He also ventures outside Republican orthodoxy by taking a no-nonsense approach to the status of Obama’s so-called “Dreamers” -– non-citizens who were brought to the United States illegally as children, who’ve grown up here, who’ve been educated here, and who would be political and cultural strangers in the native lands of their parents. He expresses no desire to separate “Dreamers” from their illegal alien parents by allowing them to remain in the United States while their parents are deported. Instead, he insists that Obama’s executive order shielding the “Dreamers” from deportation must be rescinded.
So what is it about Trump’s immigration reform plan that would qualify it as a “watershed moment” in American history? Its significance is not that it has a chance of being enacted and fully implemented; as a nation we are still far too politically correct and we have far too many “squeaky wheels” among liberals and Hispanic activists to accomplish that anytime soon. No, the significance of Trump’s immigration reform proposal is much more subtle. Just as Rush Limbaugh’s major contribution to our national persona is not that he has caused elections to be won or lost, but that he has caused millions of politically uncommitted Americans to understand where they fit in the political spectrum, Trump’s straightforward approach to solving the illegal immigration problem has made it okay for previously hesitant Americans to openly agree with his no-nonsense approach. It is what most Americans have always believed, but were afraid to put into words for fear that they would be branded as racists or xenophobes.
The point is, Americans are fair and reasonable people. Scratch almost any American and you’ll find a person who would fully expect to be deported from a foreign country where they were living illegally. So why would they not expect foreigners living in the United States illegally to react in the same way? In short, it’s time we expected our uninvited guests to act like grownups, and Trump’s no-nonsense approach to the problem of illegal immigration gives us all license to finally put those expectations into words.
But more importantly, his courageous stance on illegal immigration also provides us with the opportunity to bring other critically important issues to the fore… issues that, until now, have been stuck in quagmires of constitutional uncertainties and/or political correctness. Of these, none are more important than the unrelenting invasion of radicalized Muslims and the chilling threat of Islamic terrorism inside our own borders.
According to the Center for Immigration Studies, “Islamists arrive in the United States despising the country and all it represents, intending to make converts, exploit the freedoms and rights granted them, and build a movement that will effect basic changes in the country’s way of life and its government. The superpower status of the United States makes it especially attractive to those who wish to change the world order; what better place to start? Islamists do not accept the United States as it is but want to change it into a majority Muslim country where the Qur’an replaces the Constitution.”
The United States has already provided refugee status for more Muslims than all the other nations in the world combined. Yet, in spite of that insanity, the Obama administration has recently announced that we are prepared to receive an additional 70,000 unvetted Muslim refugees, including many with strong ties to ISIS and al-Qaeda. Some come seeking safety, some come seeking a better life, but many others come in the hope of doing us great harm.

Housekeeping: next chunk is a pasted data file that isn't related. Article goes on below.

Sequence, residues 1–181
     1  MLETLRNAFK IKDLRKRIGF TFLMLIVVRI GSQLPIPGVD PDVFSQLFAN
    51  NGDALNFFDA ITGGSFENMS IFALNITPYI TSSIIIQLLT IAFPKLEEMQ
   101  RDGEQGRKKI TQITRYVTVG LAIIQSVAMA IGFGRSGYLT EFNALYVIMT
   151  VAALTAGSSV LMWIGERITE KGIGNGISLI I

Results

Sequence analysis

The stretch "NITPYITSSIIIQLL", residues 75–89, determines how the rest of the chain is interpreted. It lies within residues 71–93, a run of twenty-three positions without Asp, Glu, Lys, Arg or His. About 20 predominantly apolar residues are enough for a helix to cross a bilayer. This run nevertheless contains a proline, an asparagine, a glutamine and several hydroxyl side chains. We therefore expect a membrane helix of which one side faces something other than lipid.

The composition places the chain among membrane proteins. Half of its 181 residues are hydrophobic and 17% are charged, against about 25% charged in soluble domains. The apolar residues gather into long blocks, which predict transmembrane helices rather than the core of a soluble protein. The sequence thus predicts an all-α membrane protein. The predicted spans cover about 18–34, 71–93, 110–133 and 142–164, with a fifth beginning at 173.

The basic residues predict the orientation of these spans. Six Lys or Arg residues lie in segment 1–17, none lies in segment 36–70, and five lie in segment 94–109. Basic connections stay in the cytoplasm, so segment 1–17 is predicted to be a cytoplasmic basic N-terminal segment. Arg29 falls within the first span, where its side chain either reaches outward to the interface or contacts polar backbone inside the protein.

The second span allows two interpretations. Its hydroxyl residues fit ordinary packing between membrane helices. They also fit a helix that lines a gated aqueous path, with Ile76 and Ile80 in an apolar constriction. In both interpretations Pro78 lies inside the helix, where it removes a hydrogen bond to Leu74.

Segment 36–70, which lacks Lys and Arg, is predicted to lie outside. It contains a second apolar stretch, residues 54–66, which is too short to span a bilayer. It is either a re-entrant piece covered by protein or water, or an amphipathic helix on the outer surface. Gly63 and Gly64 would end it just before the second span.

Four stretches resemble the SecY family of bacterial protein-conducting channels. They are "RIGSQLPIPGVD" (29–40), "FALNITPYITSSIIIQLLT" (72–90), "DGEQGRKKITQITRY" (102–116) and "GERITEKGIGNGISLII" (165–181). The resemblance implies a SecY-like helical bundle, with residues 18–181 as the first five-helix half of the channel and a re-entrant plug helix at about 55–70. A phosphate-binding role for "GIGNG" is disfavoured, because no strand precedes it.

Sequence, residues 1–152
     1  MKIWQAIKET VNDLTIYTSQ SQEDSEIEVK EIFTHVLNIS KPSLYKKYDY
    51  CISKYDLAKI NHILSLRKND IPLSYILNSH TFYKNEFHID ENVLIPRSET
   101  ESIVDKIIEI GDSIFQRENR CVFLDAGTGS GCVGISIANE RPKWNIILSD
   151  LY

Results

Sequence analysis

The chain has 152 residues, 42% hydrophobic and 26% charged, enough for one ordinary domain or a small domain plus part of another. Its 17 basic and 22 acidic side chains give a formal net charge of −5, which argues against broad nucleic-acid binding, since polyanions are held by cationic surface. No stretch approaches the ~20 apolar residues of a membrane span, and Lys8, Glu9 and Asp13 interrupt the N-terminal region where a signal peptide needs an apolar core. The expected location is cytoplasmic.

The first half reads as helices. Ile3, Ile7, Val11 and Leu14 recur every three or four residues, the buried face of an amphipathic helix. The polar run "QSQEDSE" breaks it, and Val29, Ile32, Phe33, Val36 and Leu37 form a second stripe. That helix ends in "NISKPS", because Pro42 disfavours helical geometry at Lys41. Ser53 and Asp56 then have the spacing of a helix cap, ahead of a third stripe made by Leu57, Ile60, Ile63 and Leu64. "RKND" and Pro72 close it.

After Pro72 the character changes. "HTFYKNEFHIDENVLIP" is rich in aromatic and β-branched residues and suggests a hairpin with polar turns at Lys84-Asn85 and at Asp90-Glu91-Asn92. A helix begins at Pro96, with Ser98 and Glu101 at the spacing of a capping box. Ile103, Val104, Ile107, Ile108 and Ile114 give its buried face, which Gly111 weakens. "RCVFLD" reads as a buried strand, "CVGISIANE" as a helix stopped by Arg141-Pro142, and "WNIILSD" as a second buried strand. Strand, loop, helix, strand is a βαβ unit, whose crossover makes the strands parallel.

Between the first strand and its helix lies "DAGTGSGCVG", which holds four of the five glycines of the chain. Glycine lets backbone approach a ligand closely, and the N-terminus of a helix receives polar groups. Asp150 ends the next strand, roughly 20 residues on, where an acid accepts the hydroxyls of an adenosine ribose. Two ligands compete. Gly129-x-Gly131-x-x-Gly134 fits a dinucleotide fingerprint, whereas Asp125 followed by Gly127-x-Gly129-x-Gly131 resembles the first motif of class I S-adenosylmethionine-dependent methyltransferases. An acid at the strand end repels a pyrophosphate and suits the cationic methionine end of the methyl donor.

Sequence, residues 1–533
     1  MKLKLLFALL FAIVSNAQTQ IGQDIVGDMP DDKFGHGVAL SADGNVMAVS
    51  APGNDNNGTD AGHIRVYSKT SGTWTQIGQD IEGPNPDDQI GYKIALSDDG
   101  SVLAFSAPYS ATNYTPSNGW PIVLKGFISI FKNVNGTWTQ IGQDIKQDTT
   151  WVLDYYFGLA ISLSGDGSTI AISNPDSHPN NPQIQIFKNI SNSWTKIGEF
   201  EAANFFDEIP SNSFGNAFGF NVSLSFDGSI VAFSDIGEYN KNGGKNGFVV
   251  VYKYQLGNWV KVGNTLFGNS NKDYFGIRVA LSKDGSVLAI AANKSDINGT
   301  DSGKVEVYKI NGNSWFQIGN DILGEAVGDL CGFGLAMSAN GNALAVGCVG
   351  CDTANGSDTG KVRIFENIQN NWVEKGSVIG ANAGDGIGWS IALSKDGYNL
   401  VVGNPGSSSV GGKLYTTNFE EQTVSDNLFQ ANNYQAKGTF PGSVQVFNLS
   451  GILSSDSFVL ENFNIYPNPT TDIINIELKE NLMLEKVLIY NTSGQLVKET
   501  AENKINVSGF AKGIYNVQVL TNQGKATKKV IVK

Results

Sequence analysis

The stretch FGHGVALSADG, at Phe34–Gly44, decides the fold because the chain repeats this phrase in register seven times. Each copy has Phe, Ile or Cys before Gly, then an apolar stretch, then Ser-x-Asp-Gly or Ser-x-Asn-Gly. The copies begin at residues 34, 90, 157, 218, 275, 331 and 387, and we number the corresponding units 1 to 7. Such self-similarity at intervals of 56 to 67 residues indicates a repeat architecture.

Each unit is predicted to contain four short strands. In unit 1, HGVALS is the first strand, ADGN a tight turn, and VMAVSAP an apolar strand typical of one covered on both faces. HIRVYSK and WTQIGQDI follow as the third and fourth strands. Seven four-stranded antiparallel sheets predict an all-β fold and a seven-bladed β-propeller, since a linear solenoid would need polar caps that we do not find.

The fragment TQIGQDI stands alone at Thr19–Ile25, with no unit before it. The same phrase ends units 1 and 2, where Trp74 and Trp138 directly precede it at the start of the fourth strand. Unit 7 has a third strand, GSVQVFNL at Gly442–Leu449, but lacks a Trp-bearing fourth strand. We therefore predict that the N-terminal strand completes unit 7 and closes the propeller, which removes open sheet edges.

In order to neutralize and reverse radical Islam’s contribution to the cultural infestation of the United States, we must attack the problem of Muslim immigration with the same level of courage with which Donald Trump approaches illegal immigration. In short, we should not hesitate to confront Muslim infiltration by enacting new legislation, tailoring the language of the Communist Control Act of 1954 to read as follows:
SEC. 1. PREAMBLE. The Congress hereby finds and declares that certain organizations exist within our borders which, although purporting to be political or religious in nature, are in fact instrumentalities of foreign political or religious entities or ideologies whose purpose it is to overthrow the Government of the United States by any available means, including force and violence. Such organizations operate as authoritarian dictatorships within our borders, demanding for themselves the rights and privileges generally accorded to all political parties and religious denominations, but denying to all others the liberties guaranteed to them by the U.S. Constitution.
SEC. 2. PROSCRIBED ORGANIZATIONS. Any political or religious organization as described herein, or any successors or affiliates of such organizations, regardless of the assumed name, whose object or purpose is to overthrow the government of the United States by force or violence, or the government of any State, Territory, District, possession, or political subdivision thereof, are not entitled to any of the rights, privileges, and immunities attendant upon legal bodies created under the jurisdiction of the laws of the United States or its political subdivisions; and whatever rights, privileges, and immunities heretofore granted to said religious or political organizations, or any subsidiary or affiliate organizations, by reason of the laws of the United States or any political subdivision thereof, are hereby rescinded: Provided that nothing in this section shall be construed as amending the Internal Security Act of 1950, as amended.